US Green Building Council seeking input on LEED standards
The US Green Building Council has first public comment session on LEED standards, second session in July.
The US Green Building Council is currently seeking feedback from the public to help improve on its Leadership in Energy and Environmental Design standards. The first public comment session began November 8 and goes through January 14. The session invites the public to submit their comments about LEED standards, including the rating system groups for Building Design & Construction, Interior Design & Construction and Buildings Operations & Maintenance, LEED for Neighborhood Development and LEED for Homes.
The material includes proposed standards for data centers, warehouse and distribution centers and hospitality. It also includes rating systems for schools, retail and healthcare facilities that were adopted in LEED 2009. The LEED green building rating and assessment systems are constantly being developed and improved on.
Only members of the USGBC vote on whether to implement any changes to the LEED standards, however, the group invites public input to help develop the final draft that goes to ballot.
According to the guidelines for submitting comments listed on the US Green Building Council website, comments are only accepted via the online comment form, each respondent may submit only one set of comments on any individual credit, comments may not be edited once submitted, and representatives of USGBC member and non-member organizations are encouraged to submit comments collectively. Those individuals who are interested in submitting their comments regarding the LEED standard go to the USGBC website.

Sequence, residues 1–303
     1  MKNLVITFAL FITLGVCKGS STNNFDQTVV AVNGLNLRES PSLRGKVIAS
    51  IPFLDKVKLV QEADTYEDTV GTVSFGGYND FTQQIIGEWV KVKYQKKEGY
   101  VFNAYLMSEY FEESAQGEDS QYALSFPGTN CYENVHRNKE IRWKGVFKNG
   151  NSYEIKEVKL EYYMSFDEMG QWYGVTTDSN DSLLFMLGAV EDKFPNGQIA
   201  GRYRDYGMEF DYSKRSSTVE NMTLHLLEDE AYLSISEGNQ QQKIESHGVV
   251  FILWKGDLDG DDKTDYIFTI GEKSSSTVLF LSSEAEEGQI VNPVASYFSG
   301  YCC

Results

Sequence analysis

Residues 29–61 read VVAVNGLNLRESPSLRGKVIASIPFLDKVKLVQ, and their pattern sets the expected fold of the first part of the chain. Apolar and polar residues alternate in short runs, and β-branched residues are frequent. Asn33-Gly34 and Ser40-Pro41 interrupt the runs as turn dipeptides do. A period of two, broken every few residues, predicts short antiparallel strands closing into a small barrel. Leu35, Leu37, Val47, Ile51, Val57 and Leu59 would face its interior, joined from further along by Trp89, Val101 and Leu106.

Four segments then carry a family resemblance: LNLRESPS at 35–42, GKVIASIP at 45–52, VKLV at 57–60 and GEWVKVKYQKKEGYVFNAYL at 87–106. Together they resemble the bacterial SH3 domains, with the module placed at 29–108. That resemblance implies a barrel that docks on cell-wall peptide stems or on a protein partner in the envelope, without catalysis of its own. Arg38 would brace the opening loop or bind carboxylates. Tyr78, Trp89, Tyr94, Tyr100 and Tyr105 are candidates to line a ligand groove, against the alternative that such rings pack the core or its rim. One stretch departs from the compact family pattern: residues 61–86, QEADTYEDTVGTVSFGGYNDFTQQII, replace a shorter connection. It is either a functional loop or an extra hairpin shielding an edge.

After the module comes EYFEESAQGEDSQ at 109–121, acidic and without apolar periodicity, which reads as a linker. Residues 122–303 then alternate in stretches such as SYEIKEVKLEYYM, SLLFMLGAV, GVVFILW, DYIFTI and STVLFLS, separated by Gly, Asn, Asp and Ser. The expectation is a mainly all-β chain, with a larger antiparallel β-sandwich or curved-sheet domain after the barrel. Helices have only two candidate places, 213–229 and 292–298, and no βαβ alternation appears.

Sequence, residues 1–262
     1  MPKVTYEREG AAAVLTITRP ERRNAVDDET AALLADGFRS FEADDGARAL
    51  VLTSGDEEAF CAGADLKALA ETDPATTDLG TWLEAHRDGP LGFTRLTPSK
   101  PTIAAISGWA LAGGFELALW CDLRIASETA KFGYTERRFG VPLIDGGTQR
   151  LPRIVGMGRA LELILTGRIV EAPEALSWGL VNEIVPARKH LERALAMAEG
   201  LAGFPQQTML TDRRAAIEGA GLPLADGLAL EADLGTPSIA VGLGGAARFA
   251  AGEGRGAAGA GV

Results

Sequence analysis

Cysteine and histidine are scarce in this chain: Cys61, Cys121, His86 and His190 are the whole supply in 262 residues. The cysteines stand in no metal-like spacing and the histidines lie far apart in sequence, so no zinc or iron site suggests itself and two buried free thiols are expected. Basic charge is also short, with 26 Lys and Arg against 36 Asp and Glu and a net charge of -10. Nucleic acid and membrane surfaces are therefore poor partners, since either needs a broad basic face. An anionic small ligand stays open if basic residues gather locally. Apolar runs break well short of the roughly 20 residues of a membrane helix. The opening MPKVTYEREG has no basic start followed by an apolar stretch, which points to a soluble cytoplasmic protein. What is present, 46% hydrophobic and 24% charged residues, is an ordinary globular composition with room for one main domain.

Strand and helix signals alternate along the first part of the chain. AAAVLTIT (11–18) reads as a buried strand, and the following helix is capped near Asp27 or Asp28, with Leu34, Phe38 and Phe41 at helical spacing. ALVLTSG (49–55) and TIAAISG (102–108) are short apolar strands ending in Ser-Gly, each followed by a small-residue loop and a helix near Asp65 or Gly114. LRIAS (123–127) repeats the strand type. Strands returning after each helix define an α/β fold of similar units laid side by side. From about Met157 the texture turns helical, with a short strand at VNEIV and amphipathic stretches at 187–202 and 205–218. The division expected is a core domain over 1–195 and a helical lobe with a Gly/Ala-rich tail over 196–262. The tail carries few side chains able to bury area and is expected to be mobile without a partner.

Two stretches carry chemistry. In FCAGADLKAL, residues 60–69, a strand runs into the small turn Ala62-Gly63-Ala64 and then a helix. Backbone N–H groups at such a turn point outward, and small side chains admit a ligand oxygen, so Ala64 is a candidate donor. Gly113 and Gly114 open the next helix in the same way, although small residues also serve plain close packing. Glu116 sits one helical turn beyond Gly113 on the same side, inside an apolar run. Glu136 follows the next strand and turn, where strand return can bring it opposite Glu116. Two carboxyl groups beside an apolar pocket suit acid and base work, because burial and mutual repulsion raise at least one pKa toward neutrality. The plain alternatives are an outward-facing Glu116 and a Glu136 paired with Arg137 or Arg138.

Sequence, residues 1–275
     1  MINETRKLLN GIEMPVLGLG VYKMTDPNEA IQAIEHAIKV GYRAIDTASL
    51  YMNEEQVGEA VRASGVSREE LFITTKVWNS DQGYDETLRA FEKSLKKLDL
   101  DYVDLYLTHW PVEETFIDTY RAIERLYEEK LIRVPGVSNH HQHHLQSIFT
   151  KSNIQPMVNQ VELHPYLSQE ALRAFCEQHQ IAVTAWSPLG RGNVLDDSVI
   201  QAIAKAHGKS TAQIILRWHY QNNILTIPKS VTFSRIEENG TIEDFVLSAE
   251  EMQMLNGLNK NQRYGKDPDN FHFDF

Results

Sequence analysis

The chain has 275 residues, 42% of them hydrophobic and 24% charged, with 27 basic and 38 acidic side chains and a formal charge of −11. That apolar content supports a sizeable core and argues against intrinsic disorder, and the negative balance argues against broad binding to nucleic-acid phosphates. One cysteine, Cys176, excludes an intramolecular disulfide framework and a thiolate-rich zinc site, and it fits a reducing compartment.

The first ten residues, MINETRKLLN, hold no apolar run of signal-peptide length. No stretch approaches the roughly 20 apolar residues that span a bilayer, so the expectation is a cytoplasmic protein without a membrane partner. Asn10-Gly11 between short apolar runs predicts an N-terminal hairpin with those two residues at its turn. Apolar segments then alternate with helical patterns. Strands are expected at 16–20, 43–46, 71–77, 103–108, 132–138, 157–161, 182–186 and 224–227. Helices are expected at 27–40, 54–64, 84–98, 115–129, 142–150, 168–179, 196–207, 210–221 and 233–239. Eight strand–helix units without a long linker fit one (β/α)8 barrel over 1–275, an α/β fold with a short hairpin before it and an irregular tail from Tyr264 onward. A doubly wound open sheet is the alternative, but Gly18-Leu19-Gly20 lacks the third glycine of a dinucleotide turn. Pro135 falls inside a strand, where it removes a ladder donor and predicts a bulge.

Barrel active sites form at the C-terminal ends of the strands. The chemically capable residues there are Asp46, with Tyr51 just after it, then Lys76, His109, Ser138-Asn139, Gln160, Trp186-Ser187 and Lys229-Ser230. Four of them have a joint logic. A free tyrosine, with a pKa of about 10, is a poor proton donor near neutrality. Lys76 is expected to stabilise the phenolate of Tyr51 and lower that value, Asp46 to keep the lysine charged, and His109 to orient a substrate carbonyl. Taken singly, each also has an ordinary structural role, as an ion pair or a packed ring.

The organization has set a second public comment period for July 1 to run through August 15. The balloting period for changes will likely take place from August 1 through 31 in 2012 with the release of LEED revisions anticipated for November 7, 2011.
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Annual Salary Survey
Before the calendar turned, 2016 already had the makings of a pivotal year for manufacturing, and for the world.
There were the big events for the year, including the United States as Partner Country at Hannover Messe in April and the 2016 International Manufacturing Technology Show in Chicago in September. There's also the matter of the U.S. presidential elections in November, which promise to shape policy in manufacturing for years to come.
But the year started with global economic turmoil, as a slowdown in Chinese manufacturing triggered a worldwide stock hiccup that sent values plummeting. The continued plunge in world oil prices has resulted in a slowdown in exploration and, by extension, the manufacture of exploration equipment.
Read more: 2015 Salary Survey